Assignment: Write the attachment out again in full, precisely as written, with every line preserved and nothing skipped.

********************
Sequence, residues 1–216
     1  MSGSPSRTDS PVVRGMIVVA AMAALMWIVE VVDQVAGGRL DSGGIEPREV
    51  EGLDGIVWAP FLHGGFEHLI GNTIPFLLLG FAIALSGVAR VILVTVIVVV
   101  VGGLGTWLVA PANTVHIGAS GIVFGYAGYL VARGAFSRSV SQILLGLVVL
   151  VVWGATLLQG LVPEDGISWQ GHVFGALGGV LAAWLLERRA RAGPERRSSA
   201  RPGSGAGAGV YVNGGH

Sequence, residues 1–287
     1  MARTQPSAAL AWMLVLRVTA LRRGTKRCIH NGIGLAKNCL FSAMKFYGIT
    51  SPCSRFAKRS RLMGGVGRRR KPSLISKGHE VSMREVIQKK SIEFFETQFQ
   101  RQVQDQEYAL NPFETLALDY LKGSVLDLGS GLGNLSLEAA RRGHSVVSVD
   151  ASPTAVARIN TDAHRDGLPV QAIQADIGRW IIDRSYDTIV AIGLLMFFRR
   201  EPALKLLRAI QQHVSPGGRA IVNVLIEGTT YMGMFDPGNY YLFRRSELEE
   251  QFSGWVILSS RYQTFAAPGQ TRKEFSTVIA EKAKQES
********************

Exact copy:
Sequence, residues 1–216
     1  MSGSPSRTDS PVVRGMIVVA AMAALMWIVE VVDQVAGGRL DSGGIEPREV
    51  EGLDGIVWAP FLHGGFEHLI GNTIPFLLLG FAIALSGVAR VILVTVIVVV
   101  VGGLGTWLVA PANTVHIGAS GIVFGYAGYL VARGAFSRSV SQILLGLVVL
   151  VVWGATLLQG LVPEDGISWQ GHVFGALGGV LAAWLLERRA RAGPERRSSA
   201  RPGSGAGAGV YVNGGH

Sequence, residues 1–287
     1  MARTQPSAAL AWMLVLRVTA LRRGTKRCIH NGIGLAKNCL FSAMKFYGIT
    51  SPCSRFAKRS RLMGGVGRRR KPSLISKGHE VSMREVIQKK SIEFFETQFQ
   101  RQVQDQEYAL NPFETLALDY LKGSVLDLGS GLGNLSLEAA RRGHSVVSVD
   151  ASPTAVARIN TDAHRDGLPV QAIQADIGRW IIDRSYDTIV AIGLLMFFRR
   201  EPALKLLRAI QQHVSPGGRA IVNVLIEGTT YMGMFDPGNY YLFRRSELEE
   251  QFSGWVILSS RYQTFAAPGQ TRKEFSTVIA EKAKQES